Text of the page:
Tuesday, September 11, 2012

Teenage Mutant Ninja Turtles - 2012 New Toys For Boys

In the late 1980s, the Teenage Mutant Ninja Turtles were introduced to eager youngsters who longed for more action and plot in their morning cartoons. When those same youngsters grew up, they had tykes of their own and the original series was left by the wayside – in exchange for stranger cartoons for the next generation. It’s not often that older cartoons are resurrected for the new genesis of kids; however, in 2012, TMNT has gained recognition as one of the best new toys for boys. Why? They’re timeless! These turtles were kicking butt before Spongebob and those Samurai Power Rangers.

…But what sets the new Teenage Mutant Ninja Turtles action figures apart from the ones manufactured in the 1980s to 1990s?

The new TMNT figurines are equipped with the signature weapons and all the trademarked gadgets that made these fighting reptiles great. All 4 of the brothers are represented in all their pizza-eating, bad-guy battling glory – Donatello (the engineering scientist in purple), Leonardo (the fearless leader in blue), Raphael (the aggressive heart-of-gold in red), and Michelangelo (the free spirit in orange). The innovative figurines of 2012 strive to capture the essence of each turtle’s unique and diverse personality.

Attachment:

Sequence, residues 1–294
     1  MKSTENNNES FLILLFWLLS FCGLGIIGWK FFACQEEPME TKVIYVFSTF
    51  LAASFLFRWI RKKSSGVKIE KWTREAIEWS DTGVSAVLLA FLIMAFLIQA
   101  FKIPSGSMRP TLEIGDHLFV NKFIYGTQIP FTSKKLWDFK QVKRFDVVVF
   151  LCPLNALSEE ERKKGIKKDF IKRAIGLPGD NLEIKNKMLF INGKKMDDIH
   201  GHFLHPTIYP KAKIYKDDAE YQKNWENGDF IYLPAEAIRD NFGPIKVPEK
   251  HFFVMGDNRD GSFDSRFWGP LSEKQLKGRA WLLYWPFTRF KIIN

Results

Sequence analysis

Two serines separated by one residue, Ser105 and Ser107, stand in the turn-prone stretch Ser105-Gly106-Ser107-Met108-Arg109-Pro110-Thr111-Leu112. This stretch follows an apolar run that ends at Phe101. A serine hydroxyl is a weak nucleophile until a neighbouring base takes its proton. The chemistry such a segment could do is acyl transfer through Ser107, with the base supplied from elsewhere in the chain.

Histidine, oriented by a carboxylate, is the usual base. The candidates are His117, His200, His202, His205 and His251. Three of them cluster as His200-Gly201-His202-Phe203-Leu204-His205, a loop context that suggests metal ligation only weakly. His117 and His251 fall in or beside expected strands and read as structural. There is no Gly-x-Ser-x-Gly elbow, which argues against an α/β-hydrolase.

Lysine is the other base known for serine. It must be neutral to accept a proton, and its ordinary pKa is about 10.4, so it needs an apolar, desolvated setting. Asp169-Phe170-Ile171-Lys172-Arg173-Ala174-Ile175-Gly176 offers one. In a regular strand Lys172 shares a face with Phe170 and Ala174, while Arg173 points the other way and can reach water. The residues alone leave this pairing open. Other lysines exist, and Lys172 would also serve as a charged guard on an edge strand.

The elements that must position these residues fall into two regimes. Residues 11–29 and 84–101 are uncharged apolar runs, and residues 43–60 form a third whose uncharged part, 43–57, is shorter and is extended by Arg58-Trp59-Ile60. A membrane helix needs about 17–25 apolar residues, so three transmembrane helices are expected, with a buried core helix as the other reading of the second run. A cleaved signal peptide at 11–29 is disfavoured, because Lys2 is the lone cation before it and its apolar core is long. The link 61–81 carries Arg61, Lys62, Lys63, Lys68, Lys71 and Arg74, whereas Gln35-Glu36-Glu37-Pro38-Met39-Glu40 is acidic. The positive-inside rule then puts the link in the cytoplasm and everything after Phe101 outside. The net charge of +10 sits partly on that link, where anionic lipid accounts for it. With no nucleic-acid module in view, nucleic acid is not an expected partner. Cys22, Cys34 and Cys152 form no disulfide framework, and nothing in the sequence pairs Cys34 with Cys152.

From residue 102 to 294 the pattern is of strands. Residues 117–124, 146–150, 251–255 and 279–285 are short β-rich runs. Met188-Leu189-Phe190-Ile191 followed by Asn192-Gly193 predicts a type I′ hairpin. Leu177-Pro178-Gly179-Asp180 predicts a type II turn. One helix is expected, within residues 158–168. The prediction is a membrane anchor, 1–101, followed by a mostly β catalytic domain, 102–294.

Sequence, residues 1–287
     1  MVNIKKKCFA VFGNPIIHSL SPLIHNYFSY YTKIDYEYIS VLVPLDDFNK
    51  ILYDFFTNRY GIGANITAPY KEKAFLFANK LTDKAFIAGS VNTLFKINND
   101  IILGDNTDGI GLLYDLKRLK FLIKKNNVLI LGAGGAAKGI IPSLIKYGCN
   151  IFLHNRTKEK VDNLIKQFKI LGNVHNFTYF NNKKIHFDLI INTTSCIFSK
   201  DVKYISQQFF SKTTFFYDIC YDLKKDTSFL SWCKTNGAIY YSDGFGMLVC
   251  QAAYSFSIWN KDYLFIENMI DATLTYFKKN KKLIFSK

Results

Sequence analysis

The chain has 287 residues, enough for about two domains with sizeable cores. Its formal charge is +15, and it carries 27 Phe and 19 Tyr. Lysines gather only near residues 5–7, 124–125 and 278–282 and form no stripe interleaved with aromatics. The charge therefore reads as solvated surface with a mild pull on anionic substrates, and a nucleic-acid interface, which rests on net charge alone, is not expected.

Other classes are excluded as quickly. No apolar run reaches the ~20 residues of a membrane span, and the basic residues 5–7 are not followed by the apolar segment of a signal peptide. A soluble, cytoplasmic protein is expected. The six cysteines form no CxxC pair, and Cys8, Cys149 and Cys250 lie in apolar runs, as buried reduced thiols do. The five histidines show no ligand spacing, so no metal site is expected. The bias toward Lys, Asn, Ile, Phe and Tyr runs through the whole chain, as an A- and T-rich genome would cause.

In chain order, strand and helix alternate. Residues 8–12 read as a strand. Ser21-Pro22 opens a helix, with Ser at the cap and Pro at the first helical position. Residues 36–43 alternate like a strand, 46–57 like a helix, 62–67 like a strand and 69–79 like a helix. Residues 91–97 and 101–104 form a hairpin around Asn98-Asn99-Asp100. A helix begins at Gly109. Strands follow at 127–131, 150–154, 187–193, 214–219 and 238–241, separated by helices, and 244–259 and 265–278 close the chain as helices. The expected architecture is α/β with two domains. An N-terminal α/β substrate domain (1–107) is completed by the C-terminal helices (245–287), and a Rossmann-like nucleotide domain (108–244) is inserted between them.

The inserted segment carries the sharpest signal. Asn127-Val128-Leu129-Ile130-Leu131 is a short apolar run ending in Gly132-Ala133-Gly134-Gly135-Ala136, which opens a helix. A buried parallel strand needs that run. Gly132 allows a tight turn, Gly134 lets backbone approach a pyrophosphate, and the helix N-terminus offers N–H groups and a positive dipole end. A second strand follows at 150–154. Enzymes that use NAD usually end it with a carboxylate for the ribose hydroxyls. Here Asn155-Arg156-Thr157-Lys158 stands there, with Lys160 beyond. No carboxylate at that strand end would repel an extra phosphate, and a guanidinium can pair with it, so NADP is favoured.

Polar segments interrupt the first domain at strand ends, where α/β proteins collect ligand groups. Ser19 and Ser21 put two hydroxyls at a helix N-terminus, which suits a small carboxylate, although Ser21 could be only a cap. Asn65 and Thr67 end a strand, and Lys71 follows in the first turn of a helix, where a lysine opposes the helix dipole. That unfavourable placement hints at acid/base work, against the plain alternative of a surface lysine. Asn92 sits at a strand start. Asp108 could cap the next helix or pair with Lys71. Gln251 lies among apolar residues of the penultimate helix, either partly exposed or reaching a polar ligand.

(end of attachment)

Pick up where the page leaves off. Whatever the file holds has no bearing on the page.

Their bodily builds are designed to match their levels of training – from the lean muscle to the bulk – while their bandanas are contorted around the eyes to match their expressions. For example, Raphael is considered the bad boy of the group, squinting in pent-up anger and combat-ready. Whereas, Michelangelo’s expression will be more relaxed and easy-going – albeit, also eager for a fight.

There’s also a wider range of articulation in these action figures, meaning little boys can pose their favorite TMNT into realistic battle stances. This is also a great feature for those grown up 80’s kids who still have a soft spot for turtles and the series collectables. Each figurine can be maneuvered into a life-like pose before being showcased in a collection, meant to be admired.

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